This will be a recurring series on the sources of casualties, the consequences of failure, and how these problems are dealt with. All forms of hike failure, ranging from injury, illness, giving up, and death are all included under the heading of “Casualties” in the more military sense: A person rendered unfit for duty via any of these causes. Those who would have classically been listed “Wounded Returned to Duty” are not as much of a concern in this series outside covering some good prevention and first aid resources. Later in the series we will also cover basic treatment of casualties, both socially and in the more basic realm of first aid and medicine. Prevention of illness and injury will also be covered before the conclusion.
AS ALWAYS: You are encouraged to take a First Aid Course, and download the Red Cross First Aid App on your Smartphone to learn how to aid your comrades if they should become injured.
If you have attempted or completed a long distance trail please take the survey HERE to contribute to the available data pool.
I) Minor Injuries on the Trail
Injury in the backcountry can be a big problem, and is anecdotally one of the major sources of ended thru-hikes. 25% of persons surveyed on their reason for not completing the PCT in 2013-2014 reported injury as their reasoning. This may be understated—the study was only being available to those who hiked at least 454 miles on the PCT. If the numbers hold up like with the AT survey mentioned above, then as many as 80% of casualties may have been unaccounted for in that distance.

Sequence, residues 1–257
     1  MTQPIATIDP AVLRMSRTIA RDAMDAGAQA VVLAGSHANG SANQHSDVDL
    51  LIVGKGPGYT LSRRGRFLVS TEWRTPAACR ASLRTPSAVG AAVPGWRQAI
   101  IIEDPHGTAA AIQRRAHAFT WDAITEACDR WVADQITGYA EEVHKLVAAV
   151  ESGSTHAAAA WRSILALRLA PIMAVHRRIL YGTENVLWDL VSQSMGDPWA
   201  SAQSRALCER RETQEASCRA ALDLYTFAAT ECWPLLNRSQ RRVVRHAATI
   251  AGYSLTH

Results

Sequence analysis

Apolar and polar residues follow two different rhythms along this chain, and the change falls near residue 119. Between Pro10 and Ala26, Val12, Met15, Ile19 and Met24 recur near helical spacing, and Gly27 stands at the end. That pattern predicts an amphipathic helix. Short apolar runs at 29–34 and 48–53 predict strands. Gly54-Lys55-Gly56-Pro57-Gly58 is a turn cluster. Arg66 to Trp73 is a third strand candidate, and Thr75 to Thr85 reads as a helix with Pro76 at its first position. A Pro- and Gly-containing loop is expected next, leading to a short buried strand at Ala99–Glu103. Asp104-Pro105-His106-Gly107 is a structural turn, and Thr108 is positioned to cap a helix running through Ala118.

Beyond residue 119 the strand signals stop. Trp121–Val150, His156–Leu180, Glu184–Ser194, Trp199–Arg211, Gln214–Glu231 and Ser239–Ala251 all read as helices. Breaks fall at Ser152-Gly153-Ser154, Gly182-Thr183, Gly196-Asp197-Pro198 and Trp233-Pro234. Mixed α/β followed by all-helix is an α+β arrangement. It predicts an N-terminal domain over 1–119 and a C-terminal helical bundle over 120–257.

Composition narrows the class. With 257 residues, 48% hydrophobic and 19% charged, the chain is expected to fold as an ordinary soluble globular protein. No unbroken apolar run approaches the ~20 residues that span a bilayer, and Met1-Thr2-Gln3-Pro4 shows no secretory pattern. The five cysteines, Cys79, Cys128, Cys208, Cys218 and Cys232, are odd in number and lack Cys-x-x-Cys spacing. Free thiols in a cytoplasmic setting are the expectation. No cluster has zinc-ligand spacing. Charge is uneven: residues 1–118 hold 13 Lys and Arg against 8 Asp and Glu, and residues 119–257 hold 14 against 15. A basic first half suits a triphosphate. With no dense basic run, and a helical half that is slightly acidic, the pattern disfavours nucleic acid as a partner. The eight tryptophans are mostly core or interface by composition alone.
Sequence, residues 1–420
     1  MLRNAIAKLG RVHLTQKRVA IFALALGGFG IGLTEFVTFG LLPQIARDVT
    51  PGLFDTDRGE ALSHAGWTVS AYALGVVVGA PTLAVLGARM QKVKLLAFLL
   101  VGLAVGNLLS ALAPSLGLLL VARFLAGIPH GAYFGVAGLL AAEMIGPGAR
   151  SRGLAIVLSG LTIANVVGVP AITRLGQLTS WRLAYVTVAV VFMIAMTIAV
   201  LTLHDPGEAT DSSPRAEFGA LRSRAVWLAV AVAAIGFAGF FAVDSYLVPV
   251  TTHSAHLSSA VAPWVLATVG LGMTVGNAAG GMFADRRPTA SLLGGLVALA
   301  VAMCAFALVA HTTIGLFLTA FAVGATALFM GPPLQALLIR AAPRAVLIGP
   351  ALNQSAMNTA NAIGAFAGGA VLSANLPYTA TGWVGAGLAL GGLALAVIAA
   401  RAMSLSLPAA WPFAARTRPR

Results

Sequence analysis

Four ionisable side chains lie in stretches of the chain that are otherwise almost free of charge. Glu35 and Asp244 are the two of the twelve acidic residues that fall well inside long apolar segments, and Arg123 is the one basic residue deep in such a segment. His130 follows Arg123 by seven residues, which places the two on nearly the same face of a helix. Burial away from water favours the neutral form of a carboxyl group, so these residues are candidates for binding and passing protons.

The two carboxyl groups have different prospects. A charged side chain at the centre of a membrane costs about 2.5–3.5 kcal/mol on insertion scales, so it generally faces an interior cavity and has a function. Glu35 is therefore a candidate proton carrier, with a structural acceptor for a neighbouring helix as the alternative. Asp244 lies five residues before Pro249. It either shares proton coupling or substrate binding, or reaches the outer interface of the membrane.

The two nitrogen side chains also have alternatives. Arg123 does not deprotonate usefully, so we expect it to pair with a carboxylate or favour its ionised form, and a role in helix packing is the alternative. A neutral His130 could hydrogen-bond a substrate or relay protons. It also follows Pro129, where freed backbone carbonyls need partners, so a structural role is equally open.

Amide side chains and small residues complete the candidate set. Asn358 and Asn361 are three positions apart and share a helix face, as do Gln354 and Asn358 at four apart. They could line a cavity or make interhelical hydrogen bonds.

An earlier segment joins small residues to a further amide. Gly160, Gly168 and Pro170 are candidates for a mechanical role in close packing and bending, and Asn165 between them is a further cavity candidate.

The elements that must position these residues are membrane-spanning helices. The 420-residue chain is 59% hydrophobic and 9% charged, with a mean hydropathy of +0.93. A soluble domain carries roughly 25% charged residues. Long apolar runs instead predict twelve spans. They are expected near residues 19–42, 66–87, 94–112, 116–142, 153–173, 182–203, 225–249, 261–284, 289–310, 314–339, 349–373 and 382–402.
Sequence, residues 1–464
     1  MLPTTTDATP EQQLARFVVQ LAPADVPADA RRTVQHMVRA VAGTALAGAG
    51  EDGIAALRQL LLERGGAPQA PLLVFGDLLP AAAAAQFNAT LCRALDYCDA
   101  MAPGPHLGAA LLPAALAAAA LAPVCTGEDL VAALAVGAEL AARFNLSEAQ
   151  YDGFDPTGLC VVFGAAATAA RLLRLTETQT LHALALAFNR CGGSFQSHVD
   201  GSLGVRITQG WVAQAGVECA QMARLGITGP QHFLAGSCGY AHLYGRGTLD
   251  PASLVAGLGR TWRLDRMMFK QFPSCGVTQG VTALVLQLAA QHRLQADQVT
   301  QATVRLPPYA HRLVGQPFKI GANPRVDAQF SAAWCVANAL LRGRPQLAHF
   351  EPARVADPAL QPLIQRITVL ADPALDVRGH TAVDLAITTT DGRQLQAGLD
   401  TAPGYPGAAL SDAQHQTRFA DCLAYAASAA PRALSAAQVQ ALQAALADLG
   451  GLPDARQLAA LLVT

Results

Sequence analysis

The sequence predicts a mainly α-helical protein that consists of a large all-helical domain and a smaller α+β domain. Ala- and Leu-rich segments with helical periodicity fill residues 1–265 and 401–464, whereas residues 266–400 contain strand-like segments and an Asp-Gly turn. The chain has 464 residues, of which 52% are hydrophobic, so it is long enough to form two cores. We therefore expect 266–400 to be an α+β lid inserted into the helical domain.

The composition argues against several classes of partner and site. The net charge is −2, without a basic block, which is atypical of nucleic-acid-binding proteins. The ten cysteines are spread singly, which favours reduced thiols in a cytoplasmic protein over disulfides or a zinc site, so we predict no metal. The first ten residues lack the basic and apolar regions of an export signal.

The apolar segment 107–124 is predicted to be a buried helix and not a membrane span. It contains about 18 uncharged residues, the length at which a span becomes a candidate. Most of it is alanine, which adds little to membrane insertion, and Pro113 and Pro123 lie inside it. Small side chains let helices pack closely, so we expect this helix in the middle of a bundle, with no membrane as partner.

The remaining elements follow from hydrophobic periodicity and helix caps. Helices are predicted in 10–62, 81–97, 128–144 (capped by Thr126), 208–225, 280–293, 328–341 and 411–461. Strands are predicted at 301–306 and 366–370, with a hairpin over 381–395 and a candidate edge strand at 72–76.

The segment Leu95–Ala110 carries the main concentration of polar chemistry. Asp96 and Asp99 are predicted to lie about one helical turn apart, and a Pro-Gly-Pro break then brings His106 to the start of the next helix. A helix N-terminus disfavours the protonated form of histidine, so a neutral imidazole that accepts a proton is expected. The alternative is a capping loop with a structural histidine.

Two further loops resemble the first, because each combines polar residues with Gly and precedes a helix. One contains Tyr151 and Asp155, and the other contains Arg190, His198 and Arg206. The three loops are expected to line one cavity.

34 of the 84 hikers in one survey on the AT reported injuries concomitant with carrying a heavier pack, and these seem to be relatively common injuries on all trails, though there are few studies to confirm this. Therefore, we can expect some percentage at or higher than 40% of hikers to sustain some sort of injury in the course of their hike.
Whether or not this drove them off the trail wasn’t listed, though that information would have been useful. In fact, almost all the data fails to say what drove people off the trail, at what point, or other important data points. Where these are collected, the data sets frequently don’t include much in the way of people who stopped hiking for any reason, which skews the results and doesn’t give a complete look at causality.
There is a direct link between pack weight and injury, as has been established by most every military study on the subject since 1900, but the comparison between military marches and recreational hiking only goes so far. Along with military studies, the correlation between pack weight and injuries has also been established in several studies of hikers, including here and here. With an average Infantryman’s load routinely exceeding 100 pounds, and the average hiker considering half of that to be an excessively heavy, the probability that a hiker will sustain the same levels of severe injury is low. However, this doesn’t prevent many of the minor injuries commonly sustained in the military.